Continue to Site

Welcome to our site!

Electro Tech is an online community (with over 170,000 members) who enjoy talking about and building electronic circuits, projects and gadgets. To participate you need to register. Registration is free. Click here to register now.

  • Welcome to our site! Electro Tech is an online community (with over 170,000 members) who enjoy talking about and building electronic circuits, projects and gadgets. To participate you need to register. Registration is free. Click here to register now.

Finding unknown voltage of a transformer

With reference to finding an unknown voltage of a transformer, the advice I have been given is to connect the primary to power etc, BUT how do I know what amount of power to put on, when its an unknown voltage? I don't want to blow the transformer by putting too much through, and how would that tell me anyway that its the right amount of power/ Advice appreciated please? by the way these are small transformers recovered from an old projector amp, not a main power transformer.
 
Measure primary and second L of coil and DCR's

1st order thought logic (?)

Lp/Ls = N turns ratio.
2pi*f*Lp = X(f)= 100x DCR Excitation power @ no load = 10% rated power.
Vin/I(f) = 10x DCR or 10% V drop at rated load.
Rated power efficiency = 90%
Max input power = Vin^2/DCR @ 10% heat loss.
 
by the way these are small transformers recovered from an old projector amp, not a main power transformer.
There is a possibility that they are not mains transformers.

Some clear pictures would be a good start in identifying what they are.
Maybe include a rule in the picture so that we can get an idea of the size of the transformer.

JimB
 
Including a picture of the original amp with the transformers in place would be an even better idea :D

However, assuming it's a valve amplifier?, then it could well have one mains transformer, one output transformer, and one smoothing choke.
 
Measuring the resistance of each coil and the R/L ratio for it's size will tell me exactly what voltage it can handle at 50/60 Hz.
 
1. measure the DCR of each coil.
2. Apply 1vrms to the coil with the highest DCR.
3. (carefully) Measure the RMS voltage across the other coil.

The measurements will reflect the turns ratio.
 
reference my unknown voltage question, photos attached. The amplifier is from an old Ampro 16mm projector, the second photo is of two similar transformers rescued from other old Ampro amplifiers. I hope this helps. Thanks
 

Attachments

  • IMGP0101.JPG
    IMGP0101.JPG
    1.3 MB · Views: 88
  • IMGP0100.JPG
    IMGP0100.JPG
    1.3 MB · Views: 90
Well it's a valve amplifier, so will have a mains transformer, and an output transformer - the mains transformer will have one or two wires feeding the rectifier (presumably one of the valves?), one wire for half wave, two wires for full wave, a third wire will go to chassis - it will also likely have a heater winding which feeds all the valves via twisted wires.

The output transformer will have wires going to the anodes of two of the other valves (the push pull output valves), and a third wire going to the main HT rail. There will be a low resistance secondary, probably with multiple taps, for feeding the speaker.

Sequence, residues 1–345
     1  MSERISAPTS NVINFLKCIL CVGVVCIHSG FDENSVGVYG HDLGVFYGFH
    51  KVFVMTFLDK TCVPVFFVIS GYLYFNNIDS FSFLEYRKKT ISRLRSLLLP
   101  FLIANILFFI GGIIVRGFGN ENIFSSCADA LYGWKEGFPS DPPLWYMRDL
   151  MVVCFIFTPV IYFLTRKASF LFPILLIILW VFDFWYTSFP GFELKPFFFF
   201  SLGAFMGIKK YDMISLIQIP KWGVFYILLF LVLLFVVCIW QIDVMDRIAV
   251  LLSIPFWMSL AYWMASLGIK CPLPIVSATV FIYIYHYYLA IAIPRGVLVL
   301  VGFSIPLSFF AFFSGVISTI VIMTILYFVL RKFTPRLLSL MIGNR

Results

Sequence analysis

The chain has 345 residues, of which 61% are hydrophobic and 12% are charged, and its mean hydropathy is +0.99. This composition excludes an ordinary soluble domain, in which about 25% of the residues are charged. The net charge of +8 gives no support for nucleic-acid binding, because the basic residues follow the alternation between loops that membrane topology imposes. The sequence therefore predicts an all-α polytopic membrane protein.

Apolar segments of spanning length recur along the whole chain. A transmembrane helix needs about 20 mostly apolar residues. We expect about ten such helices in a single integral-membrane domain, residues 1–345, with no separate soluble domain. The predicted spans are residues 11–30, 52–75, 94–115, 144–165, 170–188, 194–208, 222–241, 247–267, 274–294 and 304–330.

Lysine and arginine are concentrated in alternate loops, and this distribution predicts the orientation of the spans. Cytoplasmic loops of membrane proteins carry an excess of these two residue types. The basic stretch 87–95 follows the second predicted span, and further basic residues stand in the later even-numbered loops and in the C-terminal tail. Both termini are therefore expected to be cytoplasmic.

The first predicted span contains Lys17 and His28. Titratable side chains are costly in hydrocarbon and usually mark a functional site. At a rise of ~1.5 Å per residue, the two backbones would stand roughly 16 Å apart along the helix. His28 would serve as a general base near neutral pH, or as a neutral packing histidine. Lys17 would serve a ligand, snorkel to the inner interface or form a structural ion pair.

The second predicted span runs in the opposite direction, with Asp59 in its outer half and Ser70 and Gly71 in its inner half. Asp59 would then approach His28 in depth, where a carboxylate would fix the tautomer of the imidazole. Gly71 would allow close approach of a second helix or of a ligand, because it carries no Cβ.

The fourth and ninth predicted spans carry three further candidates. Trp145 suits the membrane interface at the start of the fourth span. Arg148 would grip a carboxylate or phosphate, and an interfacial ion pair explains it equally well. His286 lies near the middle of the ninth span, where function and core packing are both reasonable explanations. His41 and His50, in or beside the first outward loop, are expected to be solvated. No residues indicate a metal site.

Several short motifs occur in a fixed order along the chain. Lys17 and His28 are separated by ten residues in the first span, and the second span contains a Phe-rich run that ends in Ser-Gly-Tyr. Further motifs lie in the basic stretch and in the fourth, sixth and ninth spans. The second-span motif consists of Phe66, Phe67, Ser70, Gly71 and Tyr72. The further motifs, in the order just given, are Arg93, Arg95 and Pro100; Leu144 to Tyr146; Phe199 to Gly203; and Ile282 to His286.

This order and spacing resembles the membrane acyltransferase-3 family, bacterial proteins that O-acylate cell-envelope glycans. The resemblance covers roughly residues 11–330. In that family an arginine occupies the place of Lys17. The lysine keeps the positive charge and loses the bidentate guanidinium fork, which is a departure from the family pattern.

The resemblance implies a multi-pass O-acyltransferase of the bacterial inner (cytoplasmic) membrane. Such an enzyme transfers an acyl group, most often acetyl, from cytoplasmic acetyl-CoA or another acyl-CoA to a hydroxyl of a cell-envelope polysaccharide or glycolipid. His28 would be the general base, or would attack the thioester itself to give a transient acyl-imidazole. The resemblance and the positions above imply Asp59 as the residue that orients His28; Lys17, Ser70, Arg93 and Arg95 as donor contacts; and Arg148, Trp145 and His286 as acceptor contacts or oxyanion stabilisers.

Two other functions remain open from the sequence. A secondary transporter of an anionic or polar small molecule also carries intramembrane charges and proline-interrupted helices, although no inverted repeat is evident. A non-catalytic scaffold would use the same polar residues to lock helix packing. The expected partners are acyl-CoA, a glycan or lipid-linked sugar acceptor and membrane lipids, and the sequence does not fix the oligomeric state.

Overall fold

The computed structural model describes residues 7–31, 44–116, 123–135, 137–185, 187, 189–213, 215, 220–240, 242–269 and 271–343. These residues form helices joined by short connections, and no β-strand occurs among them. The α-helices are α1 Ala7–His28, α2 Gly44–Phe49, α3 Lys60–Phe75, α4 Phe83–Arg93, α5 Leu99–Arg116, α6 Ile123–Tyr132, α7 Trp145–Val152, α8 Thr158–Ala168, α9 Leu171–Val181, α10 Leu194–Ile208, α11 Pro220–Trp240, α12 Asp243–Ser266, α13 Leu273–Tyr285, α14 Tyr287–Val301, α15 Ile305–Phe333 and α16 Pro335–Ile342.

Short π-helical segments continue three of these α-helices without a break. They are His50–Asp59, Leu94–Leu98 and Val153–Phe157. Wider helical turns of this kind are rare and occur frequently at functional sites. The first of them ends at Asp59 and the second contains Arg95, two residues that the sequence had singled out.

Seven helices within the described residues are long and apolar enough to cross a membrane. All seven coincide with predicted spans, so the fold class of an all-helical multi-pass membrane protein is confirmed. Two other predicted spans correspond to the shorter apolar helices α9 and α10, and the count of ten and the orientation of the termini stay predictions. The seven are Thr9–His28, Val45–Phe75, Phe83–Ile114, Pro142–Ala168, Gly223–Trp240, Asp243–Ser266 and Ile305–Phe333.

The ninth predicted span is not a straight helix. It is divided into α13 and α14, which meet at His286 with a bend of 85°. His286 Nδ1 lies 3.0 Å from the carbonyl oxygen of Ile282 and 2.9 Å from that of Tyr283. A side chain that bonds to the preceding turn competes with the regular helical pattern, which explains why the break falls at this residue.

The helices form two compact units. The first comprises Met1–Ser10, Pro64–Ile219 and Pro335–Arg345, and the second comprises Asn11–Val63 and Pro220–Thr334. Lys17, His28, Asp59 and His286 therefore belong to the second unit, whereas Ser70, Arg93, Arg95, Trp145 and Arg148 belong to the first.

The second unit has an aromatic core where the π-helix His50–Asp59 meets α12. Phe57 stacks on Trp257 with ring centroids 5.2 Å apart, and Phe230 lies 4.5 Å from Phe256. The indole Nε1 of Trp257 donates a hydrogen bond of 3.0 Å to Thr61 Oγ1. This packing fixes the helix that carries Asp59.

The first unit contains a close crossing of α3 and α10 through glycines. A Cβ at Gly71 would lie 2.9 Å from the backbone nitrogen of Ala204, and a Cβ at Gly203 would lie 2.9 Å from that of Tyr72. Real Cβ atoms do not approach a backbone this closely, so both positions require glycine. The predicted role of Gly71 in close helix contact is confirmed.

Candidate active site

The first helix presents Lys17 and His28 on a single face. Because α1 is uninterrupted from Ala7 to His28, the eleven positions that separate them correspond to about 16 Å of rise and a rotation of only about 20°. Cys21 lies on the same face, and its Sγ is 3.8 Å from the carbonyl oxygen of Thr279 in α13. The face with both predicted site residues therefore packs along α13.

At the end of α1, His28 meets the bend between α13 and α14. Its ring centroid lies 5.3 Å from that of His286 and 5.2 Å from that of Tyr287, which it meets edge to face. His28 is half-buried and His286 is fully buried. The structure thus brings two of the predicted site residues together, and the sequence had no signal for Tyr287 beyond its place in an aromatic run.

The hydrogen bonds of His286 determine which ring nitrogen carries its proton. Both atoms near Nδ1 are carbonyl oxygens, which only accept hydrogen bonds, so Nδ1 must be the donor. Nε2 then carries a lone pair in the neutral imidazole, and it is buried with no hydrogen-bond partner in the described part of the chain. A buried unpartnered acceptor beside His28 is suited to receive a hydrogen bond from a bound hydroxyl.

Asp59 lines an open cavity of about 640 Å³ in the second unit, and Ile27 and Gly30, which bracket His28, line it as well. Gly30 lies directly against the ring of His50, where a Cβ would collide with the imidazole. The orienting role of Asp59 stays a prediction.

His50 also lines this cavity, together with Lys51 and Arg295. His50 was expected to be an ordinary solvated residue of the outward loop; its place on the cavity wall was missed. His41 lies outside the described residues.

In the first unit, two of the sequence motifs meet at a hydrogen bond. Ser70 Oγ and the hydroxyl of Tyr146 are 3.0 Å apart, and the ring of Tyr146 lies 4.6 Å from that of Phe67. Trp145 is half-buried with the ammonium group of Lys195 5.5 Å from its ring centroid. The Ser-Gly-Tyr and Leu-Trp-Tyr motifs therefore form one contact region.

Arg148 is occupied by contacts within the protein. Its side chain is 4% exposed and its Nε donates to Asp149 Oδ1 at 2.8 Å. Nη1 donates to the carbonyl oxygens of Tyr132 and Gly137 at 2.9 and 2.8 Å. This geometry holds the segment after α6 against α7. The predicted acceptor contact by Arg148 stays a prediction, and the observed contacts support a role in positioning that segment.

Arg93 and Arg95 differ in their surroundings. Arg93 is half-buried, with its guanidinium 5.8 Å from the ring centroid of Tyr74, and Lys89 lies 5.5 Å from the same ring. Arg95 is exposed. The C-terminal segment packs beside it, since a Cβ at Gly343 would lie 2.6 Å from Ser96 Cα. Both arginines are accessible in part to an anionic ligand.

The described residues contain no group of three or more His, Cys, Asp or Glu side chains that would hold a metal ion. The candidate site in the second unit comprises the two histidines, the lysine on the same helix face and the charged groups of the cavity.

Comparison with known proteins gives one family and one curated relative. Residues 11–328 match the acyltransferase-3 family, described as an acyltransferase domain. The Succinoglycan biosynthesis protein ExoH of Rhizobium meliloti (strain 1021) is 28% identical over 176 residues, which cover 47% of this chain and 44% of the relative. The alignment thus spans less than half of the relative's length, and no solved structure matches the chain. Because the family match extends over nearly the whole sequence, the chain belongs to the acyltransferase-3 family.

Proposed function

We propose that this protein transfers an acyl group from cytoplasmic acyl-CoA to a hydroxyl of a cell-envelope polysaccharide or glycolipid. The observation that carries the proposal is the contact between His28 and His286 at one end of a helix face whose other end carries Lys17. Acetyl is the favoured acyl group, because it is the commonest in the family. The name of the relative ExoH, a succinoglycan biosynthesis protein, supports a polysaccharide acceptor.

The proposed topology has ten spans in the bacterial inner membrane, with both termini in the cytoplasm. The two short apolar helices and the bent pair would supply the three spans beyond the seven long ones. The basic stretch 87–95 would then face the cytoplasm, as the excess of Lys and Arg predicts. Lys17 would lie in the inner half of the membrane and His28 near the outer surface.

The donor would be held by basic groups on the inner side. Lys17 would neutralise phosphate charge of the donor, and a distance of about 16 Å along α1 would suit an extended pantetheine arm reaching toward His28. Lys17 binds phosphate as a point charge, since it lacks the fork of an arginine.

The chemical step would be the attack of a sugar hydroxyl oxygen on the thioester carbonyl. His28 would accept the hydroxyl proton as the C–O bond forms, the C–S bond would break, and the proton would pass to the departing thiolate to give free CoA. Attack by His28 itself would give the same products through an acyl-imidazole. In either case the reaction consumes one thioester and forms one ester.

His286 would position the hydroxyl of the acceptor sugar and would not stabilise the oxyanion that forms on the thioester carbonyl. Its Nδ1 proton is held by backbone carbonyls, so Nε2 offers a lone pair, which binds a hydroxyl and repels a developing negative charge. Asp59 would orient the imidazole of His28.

Can you list the numbers off the valves, and we can tell which is rectifier, and which is the output.
 
Okay, the valves are;
6BR7. 12AX7 35L6GT 35L6GT. 50C5. Oh and the mains transformer is in the body of the projector.
Cheers
 

Attachments

  • Ampro Amp 3a.jpg
    Ampro Amp 3a.jpg
    1.4 MB · Views: 86
Last edited:
Okay, the valves are;
6BR7. 12AX7 35L6GT 35L6GT. 50C5
Cheers

OK, the two 35L6GT valves will be the beam-tetrode push-pull output valves, and their anodes (pin 3) will both directly to the primary winding of the output transformer. A 12AX7 is a standard double triode, a 6BR7 is a small pentode intended for RF/IF use, and a 50C5 is a pentode power valve - I'm not really sure what that's doing there?.

None of them are a rectifier though, so does it use silicon rectifiers, or a metal (selenium) rectifier?.

There's a strange looking silver device on the RHS, about two thirds of the way up, labelled RS1?? -RS1 is all you can see, could that perhaps be a rectifier diode?.

All those valves by the way have 150mA series heaters, so will be wired in series, consisting of 6.3v, 12.6v, 35v, 35v and 50v, giving 138.9V in total. So there needs to be a 138.9V supply (possibly a transformer winding) to power that.
 
As you say in post #1 these transformers are NOT the power supply transformer so they must be transformers in the audio path. ( They are NOT suitable to use as power transformers.)
** IF ** they are from the amplifier shown in post #10 THEN L3 performs the function of a phase splitter and impedance matching between the single ended driver stage and the push pull output stage.
L5 is the output transformer whic performs the function of impedance matching beteen the push pull output stage and the loudspeaker. The only yhing you could use these transformers for is to build a copy of the amplifier that they were removed from.
L2 is used as an oscillator transformer to provide a high frequency variable voltage to the exciter lamp.
I suggest that you dispose of these transformers as scrap metal.

Les.
 
The circuit diagram shown in post #10, does not represent the amplifier shown in post #8.

I believe that these transformers are audio transformers, and so are unsuitable for use in a power supply.

JimB
 
Thank you gentlemen, your advice as always is an eye opener for me, so as I thought, the two little transformers are of no further use. The info on the other aspects is brilliant. I am learning!
 
Back
Top